Monday, December 22, 2008

Fishy Business

Interestingly, the same advertisement uses a different plural form of fish on each panel: If fish could talk ..., but Guess the number of fishes.

According to the Oxford Advanced Learner’s Dictionary, the usual plural form is fish. However, the old-fashioned (e.g. Biblical) form, fishes, may be used to mean varieties of fish.

To illustrate: there may be 20 fish swimming towards the tank; but if there are equal numbers of salmon, trout, plaice and halibut, then there are four fishes.

Perhaps Tetra should make it clear which sense of fish/fishes they intend ... or perhaps this contest is a test of one’s knowledge of grammar rules rather than one’s counting/guessing ability?
Let’s Be Funny

It is the policy of this blog to avoid making fun of low-proficiency users of English because, apart from providing some mirth, their mistakes don’t actually teach us anything.

But this one is too good to pass up, because of the delicious irony: it is on an educational toy that supposedly teaches young children spelling, vocabulary and mathematics, among other things.

Past Perfect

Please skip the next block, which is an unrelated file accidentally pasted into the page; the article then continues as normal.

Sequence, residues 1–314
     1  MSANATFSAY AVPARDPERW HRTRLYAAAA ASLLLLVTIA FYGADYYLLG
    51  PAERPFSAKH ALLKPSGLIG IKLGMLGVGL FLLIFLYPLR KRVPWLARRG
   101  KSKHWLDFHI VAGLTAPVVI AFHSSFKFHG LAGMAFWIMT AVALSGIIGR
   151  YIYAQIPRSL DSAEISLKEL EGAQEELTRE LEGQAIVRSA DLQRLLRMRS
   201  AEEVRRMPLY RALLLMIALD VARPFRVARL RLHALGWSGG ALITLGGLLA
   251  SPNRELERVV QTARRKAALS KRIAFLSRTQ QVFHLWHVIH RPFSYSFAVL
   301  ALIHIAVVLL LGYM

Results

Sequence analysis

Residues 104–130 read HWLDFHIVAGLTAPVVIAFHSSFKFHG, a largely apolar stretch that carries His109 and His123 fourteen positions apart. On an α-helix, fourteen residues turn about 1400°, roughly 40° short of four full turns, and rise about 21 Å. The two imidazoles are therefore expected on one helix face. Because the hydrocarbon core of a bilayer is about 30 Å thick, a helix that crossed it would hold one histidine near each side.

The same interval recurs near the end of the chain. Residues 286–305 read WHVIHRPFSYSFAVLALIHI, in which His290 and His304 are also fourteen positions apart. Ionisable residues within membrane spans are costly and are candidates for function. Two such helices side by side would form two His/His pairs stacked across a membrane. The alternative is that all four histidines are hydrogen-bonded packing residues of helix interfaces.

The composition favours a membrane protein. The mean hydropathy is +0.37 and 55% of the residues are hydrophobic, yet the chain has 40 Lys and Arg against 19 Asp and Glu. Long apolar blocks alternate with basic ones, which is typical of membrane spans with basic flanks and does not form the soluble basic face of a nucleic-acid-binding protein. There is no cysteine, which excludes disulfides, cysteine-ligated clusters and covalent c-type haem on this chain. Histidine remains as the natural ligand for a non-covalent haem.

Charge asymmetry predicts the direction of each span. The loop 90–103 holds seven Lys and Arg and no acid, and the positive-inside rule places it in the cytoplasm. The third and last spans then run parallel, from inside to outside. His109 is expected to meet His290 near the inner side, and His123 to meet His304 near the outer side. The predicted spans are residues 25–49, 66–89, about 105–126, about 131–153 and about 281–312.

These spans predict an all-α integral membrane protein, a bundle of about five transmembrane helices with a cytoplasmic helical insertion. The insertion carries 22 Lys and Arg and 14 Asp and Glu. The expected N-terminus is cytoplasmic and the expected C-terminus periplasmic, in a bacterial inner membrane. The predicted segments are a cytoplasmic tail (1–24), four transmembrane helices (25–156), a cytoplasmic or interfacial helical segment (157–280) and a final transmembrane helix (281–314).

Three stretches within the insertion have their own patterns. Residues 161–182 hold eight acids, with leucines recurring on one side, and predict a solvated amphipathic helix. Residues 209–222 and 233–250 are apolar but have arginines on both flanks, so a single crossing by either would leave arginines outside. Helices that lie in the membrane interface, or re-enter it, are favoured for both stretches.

‘A light fixture had fallen from the ceiling at Tampines Safra last Thursday’ (The New Paper, 25 November 2008).

Wrong use of the past perfect: make it fell (simple past).

In Singapore newspapers this is a very common error, one presumably due to a misunderstanding of the notion of ‘remote past’. In Standard English, the past perfect is used when referring to the earlier of two past events, but many Singaporeans (e.g. the media, teachers, students) evidently believe that it is used with any event that took place ‘a long time ago’ (e.g. last week, seven years ago).

Tuesday, December 02, 2008

An Before Vowels

Some teachers blindly teach (and pupils blindly learn) the rule that the indefinite article an should be used before all nouns beginning in vowels.
This needs to be qualified: an is used before nouns beginning in vowel sounds — so the rule applies to pronunciation rather than spelling.
New Paper columnist Santokh Singh gets only one out of five attempts above (27 November 2008) right — a Eurasian, because the noun begins /ju/ and not in a vowel. Either he doesn’t know the correct rule or he pronounces Eurasian wrongly.
Hard to Get Right

The writer evidently meant hard to miss (New Paper, 25 November 2008).
Topic–Comment in Singapore English

The two highlighted extracts from the New Paper (25 November 2008) illustrate the phenomenon of topic–comment in Singapore English: this is a sentence construction where the topic is mentioned, and a comment is then added to it.

In the above, the topics (all civil servants across the board, administrative officers, et al.) are marked by for. The comments begin with a pronoun referring to the topic: this is called a resumptive pronoun.

Singapore English is more topic-prominent than Standard English, where the preferred construction is simply subject + predicate: in the above instances, for and they would be deleted.